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It’s a riddle that surfaces frequently in American civic life: If lawyers are so unpopular, why do we keep picking them to run the country? It’s true that six of the front-runners in the 2008 presidential race were very different kinds of lawyers. Hillary Clinton supported her husband’s low-five-figure salary as governor of Arkansas with a corporate gig at the Rose Law Firm in Little Rock. Barack Obama swapped the rarefied air of the Harvard Law Review and a potential Supreme Court clerkship for gritty civil rights law in Chicago. John Edwards drawled juries into eight-figure product liability verdicts. Rudy Giuliani ran down junk-bond king Michael Milken as a federal prosecutor. Fred Thompson played a prosecutor on television after serving as the Republicans’ lead counsel during the Watergate hearings. The sixth lawyer in the field, Mitt Romney, earned $350 million after making partner � at Bain & Co., where his Harvard business degree proved more valuable than his J.D. Still, at one point or another, they all passed a bar exam. What gives? “We kind of knew that lawyers got to run the country, but it’s a little more explicit this year,” cracks Walter Olson, conservative commentator and proprietor of the blog Overlawyered.com. Of course, upon further review, having six lawyers in a presidential race’s top tier is hardly lightning-strike odds. Sixty-three members of the Senate list their profession as law, and 25 of 43 presidents have practiced law, sometimes far more successfully than they practiced statesmanship. (For every Lincoln, there’s a Franklin Pierce, a Democrat best known for the quote “After the White House, what is there to do but drink?”) But even if a J.D. is no guarantee of political acumen, it’s easy to see the current field’s legal backgrounds as formative. How could a Giuliani administration not beef up Justice Department staffing, or an Edwards administration resist turning the anemic Consumer Product Safety Commission into a scourge of defective swing sets? Another lawyer-turned-president might also be good for the District’s legal crowd. “It would lead you to expect that, when it comes time to make appointments, a lot of people who will be their first thought will be lawyers,” says Olson. Ambassadorship to Luxembourg, anyone?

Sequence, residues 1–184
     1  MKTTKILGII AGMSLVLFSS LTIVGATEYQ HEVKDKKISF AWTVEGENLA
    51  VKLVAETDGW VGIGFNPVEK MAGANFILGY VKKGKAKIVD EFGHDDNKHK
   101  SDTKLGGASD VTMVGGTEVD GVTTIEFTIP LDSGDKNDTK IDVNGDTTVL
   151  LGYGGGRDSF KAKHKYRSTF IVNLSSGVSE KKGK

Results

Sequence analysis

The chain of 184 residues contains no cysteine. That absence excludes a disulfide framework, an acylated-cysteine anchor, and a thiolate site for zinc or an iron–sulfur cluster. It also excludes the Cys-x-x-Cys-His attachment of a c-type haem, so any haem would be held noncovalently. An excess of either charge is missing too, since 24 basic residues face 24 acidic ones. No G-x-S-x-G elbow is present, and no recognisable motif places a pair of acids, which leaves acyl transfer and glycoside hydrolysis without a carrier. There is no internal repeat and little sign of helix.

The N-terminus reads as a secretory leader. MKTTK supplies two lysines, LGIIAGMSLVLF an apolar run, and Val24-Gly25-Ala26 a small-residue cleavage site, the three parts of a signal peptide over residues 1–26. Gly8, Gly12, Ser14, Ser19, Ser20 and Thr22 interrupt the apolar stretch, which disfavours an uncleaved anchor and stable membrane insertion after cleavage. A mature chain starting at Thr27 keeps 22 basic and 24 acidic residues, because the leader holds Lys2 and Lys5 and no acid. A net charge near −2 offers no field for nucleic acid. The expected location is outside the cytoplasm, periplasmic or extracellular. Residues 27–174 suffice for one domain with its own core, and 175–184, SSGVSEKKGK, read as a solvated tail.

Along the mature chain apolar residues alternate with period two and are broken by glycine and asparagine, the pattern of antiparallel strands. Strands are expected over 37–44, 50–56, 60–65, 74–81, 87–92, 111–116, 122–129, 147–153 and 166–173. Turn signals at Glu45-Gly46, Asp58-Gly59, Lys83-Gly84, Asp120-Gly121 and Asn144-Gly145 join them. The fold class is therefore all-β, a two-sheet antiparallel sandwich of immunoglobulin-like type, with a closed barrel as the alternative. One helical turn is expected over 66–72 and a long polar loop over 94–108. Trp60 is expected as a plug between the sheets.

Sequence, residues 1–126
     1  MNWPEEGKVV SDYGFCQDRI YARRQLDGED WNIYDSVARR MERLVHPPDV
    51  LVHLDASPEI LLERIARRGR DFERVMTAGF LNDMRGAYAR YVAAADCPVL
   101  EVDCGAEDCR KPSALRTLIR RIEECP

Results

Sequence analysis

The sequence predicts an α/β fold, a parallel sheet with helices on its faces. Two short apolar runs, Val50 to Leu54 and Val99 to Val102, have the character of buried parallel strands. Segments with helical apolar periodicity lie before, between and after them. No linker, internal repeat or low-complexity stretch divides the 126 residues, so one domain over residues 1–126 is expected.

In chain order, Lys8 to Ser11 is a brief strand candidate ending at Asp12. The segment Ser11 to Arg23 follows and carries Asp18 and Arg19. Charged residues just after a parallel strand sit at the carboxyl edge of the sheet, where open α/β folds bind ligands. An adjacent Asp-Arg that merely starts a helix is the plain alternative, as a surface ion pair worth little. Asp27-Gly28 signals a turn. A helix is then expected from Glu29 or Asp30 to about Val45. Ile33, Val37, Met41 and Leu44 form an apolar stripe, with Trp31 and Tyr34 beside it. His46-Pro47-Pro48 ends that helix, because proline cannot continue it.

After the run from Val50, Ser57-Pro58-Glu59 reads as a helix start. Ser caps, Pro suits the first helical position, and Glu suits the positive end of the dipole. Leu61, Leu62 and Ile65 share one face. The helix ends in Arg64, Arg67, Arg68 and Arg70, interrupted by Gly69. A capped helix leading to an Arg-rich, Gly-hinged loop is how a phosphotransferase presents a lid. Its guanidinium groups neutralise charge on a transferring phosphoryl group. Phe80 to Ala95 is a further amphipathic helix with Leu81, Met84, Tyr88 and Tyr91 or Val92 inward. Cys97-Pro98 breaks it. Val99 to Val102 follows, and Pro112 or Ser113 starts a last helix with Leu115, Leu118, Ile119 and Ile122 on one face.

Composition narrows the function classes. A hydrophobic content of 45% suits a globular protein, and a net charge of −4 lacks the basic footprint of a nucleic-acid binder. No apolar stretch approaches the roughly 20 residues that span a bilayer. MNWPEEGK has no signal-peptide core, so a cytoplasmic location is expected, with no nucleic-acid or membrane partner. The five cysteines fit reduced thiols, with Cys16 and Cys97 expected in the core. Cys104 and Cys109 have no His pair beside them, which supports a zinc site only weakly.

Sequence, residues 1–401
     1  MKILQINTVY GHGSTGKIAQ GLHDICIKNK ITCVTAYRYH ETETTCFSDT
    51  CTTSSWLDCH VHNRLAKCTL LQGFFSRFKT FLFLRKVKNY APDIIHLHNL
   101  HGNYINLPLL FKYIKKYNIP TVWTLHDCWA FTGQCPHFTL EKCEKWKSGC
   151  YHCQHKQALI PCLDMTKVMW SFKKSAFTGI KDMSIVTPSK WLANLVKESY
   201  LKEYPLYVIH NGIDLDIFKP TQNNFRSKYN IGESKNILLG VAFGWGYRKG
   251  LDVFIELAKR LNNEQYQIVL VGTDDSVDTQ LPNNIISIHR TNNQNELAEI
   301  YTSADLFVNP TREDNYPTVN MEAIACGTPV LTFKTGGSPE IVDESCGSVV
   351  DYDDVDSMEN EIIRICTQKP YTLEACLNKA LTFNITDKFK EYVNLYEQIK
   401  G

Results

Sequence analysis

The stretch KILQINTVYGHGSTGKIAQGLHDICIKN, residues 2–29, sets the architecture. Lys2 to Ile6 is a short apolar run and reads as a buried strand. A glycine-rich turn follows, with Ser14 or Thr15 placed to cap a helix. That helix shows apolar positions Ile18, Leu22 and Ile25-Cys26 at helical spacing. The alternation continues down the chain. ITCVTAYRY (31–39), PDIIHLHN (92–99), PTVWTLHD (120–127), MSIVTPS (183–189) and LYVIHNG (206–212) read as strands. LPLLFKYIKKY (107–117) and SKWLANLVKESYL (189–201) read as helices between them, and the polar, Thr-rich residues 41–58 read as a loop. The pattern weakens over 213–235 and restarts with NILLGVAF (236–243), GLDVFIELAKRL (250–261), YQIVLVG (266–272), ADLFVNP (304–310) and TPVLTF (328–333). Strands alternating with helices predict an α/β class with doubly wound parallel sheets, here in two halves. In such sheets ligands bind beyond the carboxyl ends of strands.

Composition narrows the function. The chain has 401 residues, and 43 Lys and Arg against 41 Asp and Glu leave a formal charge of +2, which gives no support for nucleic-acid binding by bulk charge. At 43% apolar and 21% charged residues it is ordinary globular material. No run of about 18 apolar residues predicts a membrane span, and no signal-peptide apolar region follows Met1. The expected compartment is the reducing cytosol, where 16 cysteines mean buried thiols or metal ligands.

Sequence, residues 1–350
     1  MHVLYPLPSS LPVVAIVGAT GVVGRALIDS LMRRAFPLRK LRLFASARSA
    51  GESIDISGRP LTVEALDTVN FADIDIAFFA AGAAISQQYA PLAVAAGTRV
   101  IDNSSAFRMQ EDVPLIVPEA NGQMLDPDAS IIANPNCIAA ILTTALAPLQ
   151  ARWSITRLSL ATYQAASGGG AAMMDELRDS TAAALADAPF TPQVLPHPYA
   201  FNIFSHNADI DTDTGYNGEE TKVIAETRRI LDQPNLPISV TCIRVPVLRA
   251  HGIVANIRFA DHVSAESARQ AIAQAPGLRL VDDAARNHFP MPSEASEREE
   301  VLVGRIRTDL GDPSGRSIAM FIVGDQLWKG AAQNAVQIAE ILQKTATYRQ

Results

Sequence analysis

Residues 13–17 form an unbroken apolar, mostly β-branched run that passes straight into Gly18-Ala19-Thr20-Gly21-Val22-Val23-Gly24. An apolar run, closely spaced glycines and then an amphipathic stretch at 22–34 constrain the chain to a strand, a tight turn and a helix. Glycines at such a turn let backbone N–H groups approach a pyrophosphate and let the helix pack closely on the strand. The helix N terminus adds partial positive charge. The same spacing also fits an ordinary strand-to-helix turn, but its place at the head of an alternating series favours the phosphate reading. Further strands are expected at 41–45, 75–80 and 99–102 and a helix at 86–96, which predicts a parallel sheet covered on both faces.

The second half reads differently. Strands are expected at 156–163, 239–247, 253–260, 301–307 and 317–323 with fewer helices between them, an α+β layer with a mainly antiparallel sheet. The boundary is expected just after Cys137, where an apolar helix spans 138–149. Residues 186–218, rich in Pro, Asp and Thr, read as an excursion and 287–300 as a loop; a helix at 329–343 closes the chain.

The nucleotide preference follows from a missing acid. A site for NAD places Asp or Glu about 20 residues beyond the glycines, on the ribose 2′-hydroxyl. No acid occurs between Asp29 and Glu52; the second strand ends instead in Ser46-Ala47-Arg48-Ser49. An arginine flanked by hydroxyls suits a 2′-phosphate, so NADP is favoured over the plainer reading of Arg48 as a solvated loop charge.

Jeff Horwitz can be contacted at [email protected].

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